Sunday, January 02, 2000

Next president likely compliant with Ohio's Y2K primary




BY HOWARD WILKINSON
The Cincinnati Enquirer

        Well, this Y2K thing has come and gone. We're not holed up in the dark, staring at our useless ATM cards and clutching shotguns to protect our precious hoards of bottled water and cans of Vienna sausages from marauders.

        Those would have been ideal conditions for a Pat Buchanan presidency, but it didn't happen, so maybe now Americans will start thinking seriously about their principal civic duty this year — picking a first new president for the 21st century.

        Ohioans will, as always, have a significant role to play in this.

        It may not be as significant a role as some Ohio legislative leaders had hoped when they moved the primary election from March 21 to March 7, hoping that the earlier date would turn the Ohio presidential primary into something on the order of the Iowa caucuses or the New Hampshire primary.

        But it seems state legislatures all over the country got the same idea at the same time, and started jamming their 2000 primary elections as early into the year as possible.

        Now, no fewer than 12 states are holding primary contests on March 7. New York and Georgia are among them, as is California, and it doesn't get any bigger than that.

        Now, the Buckeye political establishment is worried that the state that is “round on both ends and "hi' in the mid dle” will get lost in the shuffle.

        It probably won't be as bad as all of that. Presidential contenders who are still viable, as they say, by early March will want to put together packages of delegates in the first round of March primaries, so it is unlikely that candidates of either party will entirely overlook a major state like Ohio.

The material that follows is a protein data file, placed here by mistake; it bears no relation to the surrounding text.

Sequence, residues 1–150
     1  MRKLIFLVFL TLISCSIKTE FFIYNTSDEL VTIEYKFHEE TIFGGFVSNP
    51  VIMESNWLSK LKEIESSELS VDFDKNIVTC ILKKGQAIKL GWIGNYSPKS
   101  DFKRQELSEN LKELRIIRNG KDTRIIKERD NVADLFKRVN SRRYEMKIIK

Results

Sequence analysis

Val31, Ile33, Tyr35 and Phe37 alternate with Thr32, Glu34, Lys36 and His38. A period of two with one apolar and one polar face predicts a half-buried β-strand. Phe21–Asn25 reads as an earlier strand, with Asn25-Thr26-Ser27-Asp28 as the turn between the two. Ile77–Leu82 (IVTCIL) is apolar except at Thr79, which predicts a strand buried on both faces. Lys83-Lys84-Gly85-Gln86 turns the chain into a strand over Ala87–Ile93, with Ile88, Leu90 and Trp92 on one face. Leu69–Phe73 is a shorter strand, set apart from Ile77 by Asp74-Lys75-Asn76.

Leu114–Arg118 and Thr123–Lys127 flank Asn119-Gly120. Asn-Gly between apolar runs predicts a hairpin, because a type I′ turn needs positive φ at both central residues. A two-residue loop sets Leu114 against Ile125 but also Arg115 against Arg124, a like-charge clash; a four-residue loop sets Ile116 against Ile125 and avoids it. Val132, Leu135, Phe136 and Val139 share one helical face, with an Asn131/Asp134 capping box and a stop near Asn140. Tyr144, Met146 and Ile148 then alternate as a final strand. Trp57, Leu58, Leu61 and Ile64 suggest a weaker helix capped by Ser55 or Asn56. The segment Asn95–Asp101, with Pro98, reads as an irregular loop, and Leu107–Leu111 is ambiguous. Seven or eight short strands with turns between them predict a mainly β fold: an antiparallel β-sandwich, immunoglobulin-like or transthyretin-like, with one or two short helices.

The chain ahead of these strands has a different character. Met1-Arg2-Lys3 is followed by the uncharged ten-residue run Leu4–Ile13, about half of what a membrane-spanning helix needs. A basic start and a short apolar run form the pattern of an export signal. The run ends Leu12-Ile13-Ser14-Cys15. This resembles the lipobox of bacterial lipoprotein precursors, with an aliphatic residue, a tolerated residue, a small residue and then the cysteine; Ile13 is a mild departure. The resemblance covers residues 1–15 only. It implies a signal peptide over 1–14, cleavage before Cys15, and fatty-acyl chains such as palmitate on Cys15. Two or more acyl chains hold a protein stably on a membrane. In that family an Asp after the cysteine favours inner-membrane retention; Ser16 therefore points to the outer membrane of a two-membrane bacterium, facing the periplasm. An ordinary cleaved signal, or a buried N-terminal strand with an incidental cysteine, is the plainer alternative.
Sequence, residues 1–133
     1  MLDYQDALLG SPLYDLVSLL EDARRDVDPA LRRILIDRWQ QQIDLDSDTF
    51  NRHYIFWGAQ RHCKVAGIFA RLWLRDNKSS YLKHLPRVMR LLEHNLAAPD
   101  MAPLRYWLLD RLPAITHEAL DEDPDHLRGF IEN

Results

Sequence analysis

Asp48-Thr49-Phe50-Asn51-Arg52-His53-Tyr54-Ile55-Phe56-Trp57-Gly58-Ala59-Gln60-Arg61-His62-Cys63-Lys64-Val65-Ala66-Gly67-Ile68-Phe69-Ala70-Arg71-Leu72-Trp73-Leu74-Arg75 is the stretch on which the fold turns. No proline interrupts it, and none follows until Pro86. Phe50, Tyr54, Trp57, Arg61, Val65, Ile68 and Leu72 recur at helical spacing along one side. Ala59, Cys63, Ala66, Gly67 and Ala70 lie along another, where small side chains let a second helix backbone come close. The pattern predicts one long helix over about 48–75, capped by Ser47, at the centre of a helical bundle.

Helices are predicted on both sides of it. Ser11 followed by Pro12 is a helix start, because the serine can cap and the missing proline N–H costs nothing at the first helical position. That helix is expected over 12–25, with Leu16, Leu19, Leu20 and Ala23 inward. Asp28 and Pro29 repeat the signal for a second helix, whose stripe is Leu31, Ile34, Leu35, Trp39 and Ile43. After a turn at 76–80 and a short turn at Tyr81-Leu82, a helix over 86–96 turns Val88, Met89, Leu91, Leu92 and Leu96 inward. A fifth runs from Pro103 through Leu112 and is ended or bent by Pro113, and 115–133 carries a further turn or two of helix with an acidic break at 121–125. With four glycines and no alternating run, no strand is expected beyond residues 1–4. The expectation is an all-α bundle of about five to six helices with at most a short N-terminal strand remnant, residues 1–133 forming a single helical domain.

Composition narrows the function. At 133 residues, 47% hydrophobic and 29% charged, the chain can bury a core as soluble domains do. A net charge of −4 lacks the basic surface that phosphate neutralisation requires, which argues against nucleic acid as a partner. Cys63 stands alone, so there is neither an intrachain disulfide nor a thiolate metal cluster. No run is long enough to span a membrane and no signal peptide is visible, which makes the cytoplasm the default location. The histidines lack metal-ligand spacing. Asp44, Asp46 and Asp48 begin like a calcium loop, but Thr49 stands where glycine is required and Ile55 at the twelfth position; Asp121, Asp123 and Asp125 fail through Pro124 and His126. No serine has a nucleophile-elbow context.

It is likely that Bill Bradley's campaign will be alive and well by the time the Ohio primary rolls around. While Vice President Al Gore has most of the Democratic Party machinery in the state locked up, Mr. Bradley has been popping in and out of the state to raise money.

        Monday night, at locations in the 1st and 2nd Congressional Districts, Southwest Ohio Democrats will gather to choose delegate slates.

        On the GOP side, each candidate submits slates of delegates who will go to the GOP convention if that candidate wins.

        If, before March, John McCain does well in New Hampshire and South Carolina, he will still be a serious challenger to George W. Bush by the time the March 7 round of primaries comes along.

        Right now, Mr. Bush is raking in most of Ohio's Republi can money, but the party leadership is badly split. Gov. Bob Taft and Sen. George Voinovich are leading the charge for Mr. Bush, while Sen. Mike DeWine has stuck his neck out to support Mr. McCain.

        Whoever the nominee is, there will be enormous pressure on GOP leaders in this part of the state to produce votes.

        After all, no Republican has ever been elected president without winning Ohio.

        If George W. Bush doubts that, he might ask his dad, who found out about it in 1992.

        E-mail hwilkinson@enquirer.com

       



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